“The designation as the most fire safe city in the Midwest means a great deal to the city of St. Louis,” says St. Louis Fire Department Battalion Chief Derrick Phillips, a member of NFPA’s Urban Fire and Life Safety Task Force. “The report shows that when a community comes together to tackle a serious issue, such as fire, the rewards are great. The citizens and firefighters are safer due to a decreased fire rate. For the St. Louis Fire Department, it proves that the work in fire prevention and community outreach have been successful in changing behaviors and curtailing potential fire related problems.”


 

Cities were also ranked on the percentage of households with smoke alarms . Chief Phillips added that the fire department’s smoke alarm installation program, which is featured in NFPA’s Planning and Implementing a Successful Smoke Alarm Installation Program, has been instrumental in getting fire safety messages to the public to elicit behavior change.


The report lists Chicago in second place and Indianapolis in third for the ranking.


!http://i.zemanta.com/290209476_80_80.jpg|src=http://i.zemanta.com/290209476_80_80.jpg|alt=|style=margin: 0px; padding: 0px; border: 0px currentColor; width: 80px; display: block; max-width: 100%;!Report: St. Louis Most Fire Safe City in Midwest

!http://i.zemanta.com/118016908_80_80.jpg|src=http://i.zemanta.com/118016908_80_80.jpg|alt=|style=margin: 0px; padding: 0px; border: 0px currentColor; width: 80px; display: block; max-width: 100%;!Cooking equipment remains top cause of home structure fires according to NFPA report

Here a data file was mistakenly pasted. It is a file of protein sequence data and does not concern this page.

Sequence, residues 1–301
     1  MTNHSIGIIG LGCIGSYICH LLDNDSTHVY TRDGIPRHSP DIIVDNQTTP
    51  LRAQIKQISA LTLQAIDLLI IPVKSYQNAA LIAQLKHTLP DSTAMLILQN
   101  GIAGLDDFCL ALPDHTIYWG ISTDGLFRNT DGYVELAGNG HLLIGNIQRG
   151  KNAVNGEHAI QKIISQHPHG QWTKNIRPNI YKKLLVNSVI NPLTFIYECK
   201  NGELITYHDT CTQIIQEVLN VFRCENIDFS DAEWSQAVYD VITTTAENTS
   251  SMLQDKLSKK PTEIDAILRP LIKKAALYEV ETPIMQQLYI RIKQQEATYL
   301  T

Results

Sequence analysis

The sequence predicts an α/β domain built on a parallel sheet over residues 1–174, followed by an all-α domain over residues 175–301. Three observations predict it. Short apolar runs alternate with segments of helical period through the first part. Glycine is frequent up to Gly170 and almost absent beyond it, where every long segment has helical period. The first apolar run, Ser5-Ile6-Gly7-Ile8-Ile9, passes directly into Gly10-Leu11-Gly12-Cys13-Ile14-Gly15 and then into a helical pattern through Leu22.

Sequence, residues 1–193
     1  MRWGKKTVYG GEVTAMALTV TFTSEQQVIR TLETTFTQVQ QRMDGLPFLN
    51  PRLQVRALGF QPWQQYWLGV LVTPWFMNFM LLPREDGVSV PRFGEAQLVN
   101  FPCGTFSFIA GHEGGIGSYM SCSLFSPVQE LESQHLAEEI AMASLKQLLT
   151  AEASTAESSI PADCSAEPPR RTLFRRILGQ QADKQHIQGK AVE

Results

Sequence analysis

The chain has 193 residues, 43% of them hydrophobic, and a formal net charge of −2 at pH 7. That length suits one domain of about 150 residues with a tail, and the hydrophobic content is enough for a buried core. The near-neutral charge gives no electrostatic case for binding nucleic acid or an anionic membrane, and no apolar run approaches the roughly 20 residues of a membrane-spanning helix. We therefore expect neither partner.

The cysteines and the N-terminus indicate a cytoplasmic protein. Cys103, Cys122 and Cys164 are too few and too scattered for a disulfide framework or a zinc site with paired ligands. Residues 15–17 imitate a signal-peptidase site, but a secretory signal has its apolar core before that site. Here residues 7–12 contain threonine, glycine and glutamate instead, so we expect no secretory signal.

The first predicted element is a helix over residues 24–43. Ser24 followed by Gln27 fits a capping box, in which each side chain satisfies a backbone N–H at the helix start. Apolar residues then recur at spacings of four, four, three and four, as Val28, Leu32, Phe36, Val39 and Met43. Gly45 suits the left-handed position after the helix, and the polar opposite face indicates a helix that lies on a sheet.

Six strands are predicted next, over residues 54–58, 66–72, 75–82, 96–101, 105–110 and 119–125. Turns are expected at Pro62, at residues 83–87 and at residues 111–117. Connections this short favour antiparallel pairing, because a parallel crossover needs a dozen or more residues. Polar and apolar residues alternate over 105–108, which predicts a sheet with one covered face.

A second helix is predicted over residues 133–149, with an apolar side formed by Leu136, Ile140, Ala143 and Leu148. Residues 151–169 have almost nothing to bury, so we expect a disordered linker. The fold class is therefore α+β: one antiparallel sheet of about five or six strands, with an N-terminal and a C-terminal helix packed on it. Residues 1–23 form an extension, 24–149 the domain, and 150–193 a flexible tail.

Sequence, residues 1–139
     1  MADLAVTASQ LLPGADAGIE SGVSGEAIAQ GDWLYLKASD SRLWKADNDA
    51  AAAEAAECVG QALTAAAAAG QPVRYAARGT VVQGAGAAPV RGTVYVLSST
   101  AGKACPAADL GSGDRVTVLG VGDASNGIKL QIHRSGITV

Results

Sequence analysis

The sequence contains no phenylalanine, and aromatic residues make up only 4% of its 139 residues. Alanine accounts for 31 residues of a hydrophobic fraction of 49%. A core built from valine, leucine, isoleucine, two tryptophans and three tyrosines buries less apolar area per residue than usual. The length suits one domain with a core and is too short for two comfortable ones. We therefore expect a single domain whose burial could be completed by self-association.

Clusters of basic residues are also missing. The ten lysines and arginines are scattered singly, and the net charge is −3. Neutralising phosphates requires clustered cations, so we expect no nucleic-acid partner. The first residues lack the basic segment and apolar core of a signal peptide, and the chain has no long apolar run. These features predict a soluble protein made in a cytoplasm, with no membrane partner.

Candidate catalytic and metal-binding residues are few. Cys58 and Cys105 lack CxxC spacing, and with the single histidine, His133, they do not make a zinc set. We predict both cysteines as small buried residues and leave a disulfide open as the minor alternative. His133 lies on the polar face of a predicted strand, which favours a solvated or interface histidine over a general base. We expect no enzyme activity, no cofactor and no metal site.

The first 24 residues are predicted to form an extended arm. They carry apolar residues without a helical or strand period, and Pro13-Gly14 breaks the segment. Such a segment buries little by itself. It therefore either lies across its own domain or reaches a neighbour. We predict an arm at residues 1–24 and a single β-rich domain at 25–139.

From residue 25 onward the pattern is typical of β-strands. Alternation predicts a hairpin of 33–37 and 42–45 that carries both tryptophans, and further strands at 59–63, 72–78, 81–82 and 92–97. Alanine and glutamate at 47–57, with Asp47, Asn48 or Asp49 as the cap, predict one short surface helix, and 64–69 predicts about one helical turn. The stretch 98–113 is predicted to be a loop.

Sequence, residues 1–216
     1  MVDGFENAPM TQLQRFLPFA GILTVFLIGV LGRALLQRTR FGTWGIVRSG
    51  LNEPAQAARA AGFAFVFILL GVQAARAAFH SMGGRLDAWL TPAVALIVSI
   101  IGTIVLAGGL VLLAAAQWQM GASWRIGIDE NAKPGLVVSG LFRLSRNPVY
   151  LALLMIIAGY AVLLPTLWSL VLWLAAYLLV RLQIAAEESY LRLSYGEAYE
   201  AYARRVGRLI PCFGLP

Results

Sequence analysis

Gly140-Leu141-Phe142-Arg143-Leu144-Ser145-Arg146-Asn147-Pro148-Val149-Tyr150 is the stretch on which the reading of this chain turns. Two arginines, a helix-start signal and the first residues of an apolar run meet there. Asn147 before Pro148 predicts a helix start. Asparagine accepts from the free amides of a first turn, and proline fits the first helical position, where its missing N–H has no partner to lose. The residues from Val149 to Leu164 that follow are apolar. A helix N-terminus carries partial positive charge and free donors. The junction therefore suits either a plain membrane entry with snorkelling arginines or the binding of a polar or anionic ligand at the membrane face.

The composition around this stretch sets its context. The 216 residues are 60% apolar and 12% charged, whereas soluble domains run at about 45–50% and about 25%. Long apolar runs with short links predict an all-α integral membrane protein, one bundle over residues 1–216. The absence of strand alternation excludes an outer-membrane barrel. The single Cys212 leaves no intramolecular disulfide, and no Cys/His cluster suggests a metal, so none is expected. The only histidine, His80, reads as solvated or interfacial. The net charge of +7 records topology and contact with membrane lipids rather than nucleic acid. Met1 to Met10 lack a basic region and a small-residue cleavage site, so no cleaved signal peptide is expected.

!http://i.zemanta.com/273252315_80_80.jpg|src=http://i.zemanta.com/273252315_80_80.jpg|alt=|style=margin: 0px; padding: 0px; border: 0px currentColor; width: 80px; display: block; max-width: 100%;!NFPA provides new safety tip sheets en Espanol!

!http://i.zemanta.com/270605469_80_80.jpg|src=http://i.zemanta.com/270605469_80_80.jpg|alt=|style=margin: 0px; padding: 0px; border: 0px currentColor; width: 80px; display: block; max-width: 100%;!Read the May issue of Safety Source, NFPA's public education newsletter

!http://i.zemanta.com/289125577_80_80.jpg|src=http://i.zemanta.com/289125577_80_80.jpg|alt=|style=margin: 0px; padding: 0px; border: 0px currentColor; width: 80px; display: block; max-width: 100%;!Test your smoke alarm knowledge with the 2014 Fire Prevention Week quiz!

Domino's logoDomino's Pizza today announced the five fire departments that were randomly selected to receive "FPW-in-a-Box 300" after signing up to particpate in the Fire Prevention Week/Domino's campaign this October. Here are the winners:

  • Assistant Chief Shane Gibbs - Oconee County Emergency Services/Walhalla, SC